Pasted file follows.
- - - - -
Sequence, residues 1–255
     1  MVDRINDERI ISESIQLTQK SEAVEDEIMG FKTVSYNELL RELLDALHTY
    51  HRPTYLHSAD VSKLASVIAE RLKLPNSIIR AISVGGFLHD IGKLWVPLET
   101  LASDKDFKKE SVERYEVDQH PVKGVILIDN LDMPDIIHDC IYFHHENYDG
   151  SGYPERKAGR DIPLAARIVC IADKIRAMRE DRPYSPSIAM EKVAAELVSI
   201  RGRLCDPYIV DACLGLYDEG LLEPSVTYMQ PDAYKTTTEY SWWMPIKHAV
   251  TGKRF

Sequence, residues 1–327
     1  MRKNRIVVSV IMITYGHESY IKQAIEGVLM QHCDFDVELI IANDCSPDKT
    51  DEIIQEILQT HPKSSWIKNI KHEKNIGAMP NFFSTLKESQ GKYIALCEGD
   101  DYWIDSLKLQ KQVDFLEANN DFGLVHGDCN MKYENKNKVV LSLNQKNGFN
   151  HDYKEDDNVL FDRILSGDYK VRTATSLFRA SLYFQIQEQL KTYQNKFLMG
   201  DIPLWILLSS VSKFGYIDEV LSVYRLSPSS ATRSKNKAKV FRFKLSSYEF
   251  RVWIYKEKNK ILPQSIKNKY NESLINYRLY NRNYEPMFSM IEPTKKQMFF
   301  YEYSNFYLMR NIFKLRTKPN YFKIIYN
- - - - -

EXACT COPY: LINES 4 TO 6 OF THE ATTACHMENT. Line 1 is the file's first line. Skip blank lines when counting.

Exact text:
   101  LASDKDFKKE SVERYEVDQH PVKGVILIDN LDMPDIIHDC IYFHHENYDG
   151  SGYPERKAGR DIPLAARIVC IADKIRAMRE DRPYSPSIAM EKVAAELVSI
   201  RGRLCDPYIV DACLGLYDEG LLEPSVTYMQ PDAYKTTTEY SWWMPIKHAV